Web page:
Want to start a lively discussion with your whiskey-drinking buds? Your choices of subject matter are rife with topics including ice or no ice, water or neat, is whiskey gluten-free or not, older versus younger, or big bucks versus affordable. Another provocative topic is the health benefits of whiskey … or not.
Recent syndicated newspaper articles headline “Want to live to be at least 90? Have a drink”, and “Work hard, play hard, flame out”. A myriad of Internet search results ballyhoo whiskey as preventing cancer, colds and the flu, helping to maintain weight, enhancing memory, increasing longevity, and slowing dementia. In these articles, many from esteemed institutions by credentialed authors also mention beneficial alternatives to drinking whisky. Some of these include exercise, sports, taking a class, eating healthier, and pursuit of a hobby. The World Health Organization states, “… moderate drinking (1-3 drinks per day) provides a moderate protective effect against cardiovascular disease, as compared with abstention and heavy drinking.”
The dizzying profusion of “facts” include statistics from countries around the world, where different diets, lifestyles, genetics and living conditions all come into play. No wonder getting a consensus is problematic. For this article, I’m looking at a few health aspects of drinking whiskey in the United States. Some of this compilation has been gleaned from sources including the Harvard School of Public Health, the Distilled Spirits Council of the U.S., the American Cancer Society (ACS), and the U.S. Food and Drug Administration (USFDA).
Areas of a broad, general agreement of the health benefits of whiskey include an increase in “good” and a decrease in “bad” cholesterol, increasing coronary blood flow and reducing blood pressure. Areas in contention include the good news that drinking whiskey is not fattening because it is very low in carbs and calories. The bad news is that the calories are “empty”, with no nutritional value and drinking alcohol usually stimulates the appetite, causing one to eat more. Perhaps the most controversial area centers on whisky’s ability to be of benefit in cases of cancer. The main focus surrounds ellagic (ĕ laj ik) acid. This substance, present in whiskey, is also found in the same oak that whisky distillers use in their aging barrels: North American white oak (Quercus alba) and European red oak (Quercus robur). It is also found in abundance in various berries, nuts, and some fruit. Ellagic acid has strong antioxidant properties which neutralize the DNA binding of certain carcinogens, and has been sold as a dietary supplement with purported benefits against cancer and heart disease. About ellagic acid, the USFDA says it is a “Fake cancer cure consumers should avoid.” The ACS says that “Claims that ellagic acid can treat or prevent cancer in humans have not been proven.” Lesley Walker, of Cancer Research UK says, “Ellagic acid is a powerful antioxidant, but that does not mean it is necessary to hit the bottle,” noting that ellagic acid is also found in the foods listed above.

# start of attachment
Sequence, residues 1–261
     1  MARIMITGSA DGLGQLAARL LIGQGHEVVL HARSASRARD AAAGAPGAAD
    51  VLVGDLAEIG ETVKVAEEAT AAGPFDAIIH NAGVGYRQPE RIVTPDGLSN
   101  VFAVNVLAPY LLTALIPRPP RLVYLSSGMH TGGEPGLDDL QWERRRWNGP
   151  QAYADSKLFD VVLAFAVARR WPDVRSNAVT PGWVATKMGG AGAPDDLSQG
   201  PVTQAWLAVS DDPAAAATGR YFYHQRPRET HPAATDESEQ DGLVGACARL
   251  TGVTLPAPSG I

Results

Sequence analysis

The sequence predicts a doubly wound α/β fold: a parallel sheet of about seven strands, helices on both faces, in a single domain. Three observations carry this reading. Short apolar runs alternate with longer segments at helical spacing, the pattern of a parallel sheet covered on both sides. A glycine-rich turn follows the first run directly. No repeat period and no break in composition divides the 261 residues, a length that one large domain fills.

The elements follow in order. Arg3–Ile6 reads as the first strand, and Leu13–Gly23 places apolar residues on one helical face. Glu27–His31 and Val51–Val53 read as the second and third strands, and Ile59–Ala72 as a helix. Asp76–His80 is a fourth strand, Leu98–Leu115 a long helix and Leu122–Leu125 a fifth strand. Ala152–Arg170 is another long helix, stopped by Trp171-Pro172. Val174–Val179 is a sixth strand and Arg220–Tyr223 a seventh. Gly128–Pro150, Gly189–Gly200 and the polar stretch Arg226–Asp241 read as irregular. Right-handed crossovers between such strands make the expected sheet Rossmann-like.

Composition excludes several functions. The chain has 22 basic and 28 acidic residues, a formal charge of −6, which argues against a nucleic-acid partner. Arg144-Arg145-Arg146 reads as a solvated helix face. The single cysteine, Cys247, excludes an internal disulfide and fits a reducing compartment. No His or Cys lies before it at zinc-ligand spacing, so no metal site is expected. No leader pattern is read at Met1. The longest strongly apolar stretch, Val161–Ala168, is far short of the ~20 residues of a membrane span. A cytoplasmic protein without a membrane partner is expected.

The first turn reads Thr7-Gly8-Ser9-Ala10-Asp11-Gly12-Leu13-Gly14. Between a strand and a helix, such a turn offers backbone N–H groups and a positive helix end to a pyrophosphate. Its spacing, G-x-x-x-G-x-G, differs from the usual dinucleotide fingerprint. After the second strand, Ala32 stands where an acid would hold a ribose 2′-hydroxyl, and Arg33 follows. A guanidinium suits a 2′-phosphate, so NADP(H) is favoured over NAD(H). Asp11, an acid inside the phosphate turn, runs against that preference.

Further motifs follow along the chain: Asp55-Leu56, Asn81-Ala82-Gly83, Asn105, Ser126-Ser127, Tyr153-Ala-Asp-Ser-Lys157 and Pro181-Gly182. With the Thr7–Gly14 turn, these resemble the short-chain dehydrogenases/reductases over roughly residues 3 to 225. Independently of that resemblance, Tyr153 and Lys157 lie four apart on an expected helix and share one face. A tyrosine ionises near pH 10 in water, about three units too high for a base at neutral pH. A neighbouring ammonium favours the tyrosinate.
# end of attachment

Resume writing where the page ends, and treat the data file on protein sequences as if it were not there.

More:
On a personal note, regarding claims that drinking whiskey significantly reduces blood clotting, I report that, after decades of moderate whiskey drinking, I suffered two episodes, two years apart, of blood clots (deep vein thrombosis) behind each knee, resulting in hospital stays and a life-long prescription for a daily blood thinner.
Controversies always stimulate lively discussions, especially with whiskey. In the area of whiskey’s health benefits (or is it more about benefits to well-being?), where not even the definition of “moderate drinking” can be agreed upon, awareness is essential. The dark side of alcohol abuse gets press and airtime with graphic words and pictures, and accurate medical conclusions are cloudy at best. On a more positive note, here’s a topic for your next discussion over a pleasant dram: Why do YOU drink whiskey?